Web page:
In any case, your correspondent was present at a large rally (estimated 10,000 people) in the heart of Old Riga a week ago. It was a political rally calling for the dismissal of the current parliament. (And to be clear, neither I nor any of my employers have any position about who should be in the Latvian parliament, since that is an internal Latvian matter. I attended as a interested bystander, not a supporter.) This protest, however, became notable in that after the protest ended, some of the youngsters who had gathered for a freezing-cold night of political discourse and no small amount of vodka decided that the next step would be to start breaking shop windows and trying to force their way into the Parliament building. Fortunately, your correspondent was called away to another event that evening, bidding farewell to our outgoing Ambassador, and did not get any pictures of young hooligans tussling with the police.
It really wasn't much of a riot by world standards, but according to many Latvians, it was the first ever in Riga. I'm not sure if or under what definition that's true, but if it is: what an odd bit of history to have been present for.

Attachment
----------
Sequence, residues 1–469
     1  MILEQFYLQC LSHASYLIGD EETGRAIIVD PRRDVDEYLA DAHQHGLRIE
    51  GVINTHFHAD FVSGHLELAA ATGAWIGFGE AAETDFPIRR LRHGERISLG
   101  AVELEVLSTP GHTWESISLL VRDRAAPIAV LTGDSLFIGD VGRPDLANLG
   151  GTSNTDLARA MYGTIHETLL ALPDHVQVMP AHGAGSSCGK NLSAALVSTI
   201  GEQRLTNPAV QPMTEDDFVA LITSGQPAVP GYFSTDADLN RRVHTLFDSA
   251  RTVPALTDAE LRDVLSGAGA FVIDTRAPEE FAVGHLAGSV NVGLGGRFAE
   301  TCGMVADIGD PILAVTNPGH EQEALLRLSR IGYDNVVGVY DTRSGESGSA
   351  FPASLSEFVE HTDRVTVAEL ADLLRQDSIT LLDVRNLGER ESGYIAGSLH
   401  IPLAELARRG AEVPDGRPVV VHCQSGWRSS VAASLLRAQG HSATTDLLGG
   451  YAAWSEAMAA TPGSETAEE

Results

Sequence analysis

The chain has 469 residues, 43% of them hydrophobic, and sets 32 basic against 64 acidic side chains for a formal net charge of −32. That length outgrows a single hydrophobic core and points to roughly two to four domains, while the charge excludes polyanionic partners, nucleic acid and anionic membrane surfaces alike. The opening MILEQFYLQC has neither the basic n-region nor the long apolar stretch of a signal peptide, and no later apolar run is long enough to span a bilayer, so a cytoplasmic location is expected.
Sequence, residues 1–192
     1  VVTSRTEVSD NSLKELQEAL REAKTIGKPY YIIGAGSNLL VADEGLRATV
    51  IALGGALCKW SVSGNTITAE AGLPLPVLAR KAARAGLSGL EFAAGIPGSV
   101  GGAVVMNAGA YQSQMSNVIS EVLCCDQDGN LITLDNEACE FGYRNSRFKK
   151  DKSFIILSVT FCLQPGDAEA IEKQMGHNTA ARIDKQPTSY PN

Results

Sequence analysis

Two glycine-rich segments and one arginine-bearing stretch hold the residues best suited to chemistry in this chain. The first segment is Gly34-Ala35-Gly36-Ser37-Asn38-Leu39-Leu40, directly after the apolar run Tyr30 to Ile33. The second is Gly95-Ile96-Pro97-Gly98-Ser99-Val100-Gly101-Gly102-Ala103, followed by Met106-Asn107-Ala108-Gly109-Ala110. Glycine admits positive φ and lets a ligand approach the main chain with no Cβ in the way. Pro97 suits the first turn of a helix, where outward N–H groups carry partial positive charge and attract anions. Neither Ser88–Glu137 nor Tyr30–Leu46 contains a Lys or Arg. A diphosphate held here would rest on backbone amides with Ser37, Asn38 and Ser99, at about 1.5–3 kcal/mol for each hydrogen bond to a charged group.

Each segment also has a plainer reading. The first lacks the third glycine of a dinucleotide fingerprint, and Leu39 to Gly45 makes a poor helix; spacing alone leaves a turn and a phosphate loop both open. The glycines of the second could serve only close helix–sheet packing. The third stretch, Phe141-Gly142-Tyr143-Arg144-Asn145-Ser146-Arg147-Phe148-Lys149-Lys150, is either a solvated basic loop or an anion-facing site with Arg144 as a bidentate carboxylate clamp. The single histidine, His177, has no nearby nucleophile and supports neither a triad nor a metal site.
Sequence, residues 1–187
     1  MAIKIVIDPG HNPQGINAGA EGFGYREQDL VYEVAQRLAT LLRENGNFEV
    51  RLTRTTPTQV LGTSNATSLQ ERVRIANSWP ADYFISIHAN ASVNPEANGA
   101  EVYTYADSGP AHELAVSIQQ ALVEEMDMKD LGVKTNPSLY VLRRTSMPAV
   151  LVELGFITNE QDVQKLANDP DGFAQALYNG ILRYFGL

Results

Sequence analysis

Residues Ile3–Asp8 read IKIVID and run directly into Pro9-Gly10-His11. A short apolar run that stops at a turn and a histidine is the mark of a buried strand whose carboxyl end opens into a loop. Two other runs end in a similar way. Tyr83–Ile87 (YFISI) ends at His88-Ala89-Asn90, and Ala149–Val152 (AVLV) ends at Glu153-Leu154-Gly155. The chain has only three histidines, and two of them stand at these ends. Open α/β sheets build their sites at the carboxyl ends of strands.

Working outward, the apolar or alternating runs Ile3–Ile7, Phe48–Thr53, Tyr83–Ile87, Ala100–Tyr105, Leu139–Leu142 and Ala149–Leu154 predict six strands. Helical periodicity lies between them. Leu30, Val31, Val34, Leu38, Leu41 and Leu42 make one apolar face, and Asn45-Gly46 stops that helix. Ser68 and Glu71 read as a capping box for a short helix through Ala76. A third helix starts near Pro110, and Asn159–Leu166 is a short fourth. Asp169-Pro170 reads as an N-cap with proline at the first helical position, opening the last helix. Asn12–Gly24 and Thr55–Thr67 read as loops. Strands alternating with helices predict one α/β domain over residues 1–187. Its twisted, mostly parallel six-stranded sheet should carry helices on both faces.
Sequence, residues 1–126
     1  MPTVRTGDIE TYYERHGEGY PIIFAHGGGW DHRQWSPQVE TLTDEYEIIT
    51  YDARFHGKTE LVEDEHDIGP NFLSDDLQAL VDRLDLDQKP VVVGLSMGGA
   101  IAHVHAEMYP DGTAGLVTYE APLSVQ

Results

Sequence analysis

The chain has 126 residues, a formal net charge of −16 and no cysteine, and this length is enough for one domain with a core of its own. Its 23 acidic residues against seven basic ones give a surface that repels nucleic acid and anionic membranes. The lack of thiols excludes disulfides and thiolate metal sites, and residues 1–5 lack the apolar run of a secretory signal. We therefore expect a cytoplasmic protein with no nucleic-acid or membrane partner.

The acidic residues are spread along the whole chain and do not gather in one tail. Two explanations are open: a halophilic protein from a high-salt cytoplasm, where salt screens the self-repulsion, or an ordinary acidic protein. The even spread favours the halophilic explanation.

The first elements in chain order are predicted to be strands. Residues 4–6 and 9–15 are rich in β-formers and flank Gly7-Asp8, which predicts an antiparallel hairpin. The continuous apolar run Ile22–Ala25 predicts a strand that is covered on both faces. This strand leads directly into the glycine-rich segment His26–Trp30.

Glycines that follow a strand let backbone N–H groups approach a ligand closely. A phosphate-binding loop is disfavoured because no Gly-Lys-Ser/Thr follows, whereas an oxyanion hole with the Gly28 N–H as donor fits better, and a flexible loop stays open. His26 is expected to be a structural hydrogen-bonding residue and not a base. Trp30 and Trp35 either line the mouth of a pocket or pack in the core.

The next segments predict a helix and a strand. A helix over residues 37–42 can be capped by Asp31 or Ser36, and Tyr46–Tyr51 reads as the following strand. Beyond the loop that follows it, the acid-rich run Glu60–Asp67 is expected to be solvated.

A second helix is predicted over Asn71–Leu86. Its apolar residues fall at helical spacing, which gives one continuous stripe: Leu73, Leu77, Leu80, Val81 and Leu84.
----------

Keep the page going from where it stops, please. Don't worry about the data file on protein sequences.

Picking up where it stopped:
Wednesday, January 21, 2009
In other exciting news about Norway, it's dark there these days. Latvia isn't quite as far North as Juneau, Alaska, while Lillehammer is more or less the same latitude as Anchorage. So the lifts started turning at 9:30 just as it was light enough to ski, and by 3:30, most of the terrain was too dark for comfort. Of course they try to extend the day a bit with some lighted runs, something your correspondent has always considered sort of a gimmick when it's available in America. It was much appreciated at Hafjell, because even though we were quitting at 3:30 to catch a bus back to our hotel, the last run down would have been a bit harrowing without the floodlights.
Tuesday, January 20, 2009
This was the view from the top of the mountain, heading down to the only mogul run available during our time there. It was, as it looks, cold (about 10 F or -10 C) and windy and too cloudy to enjoy the reportedly spectacular views.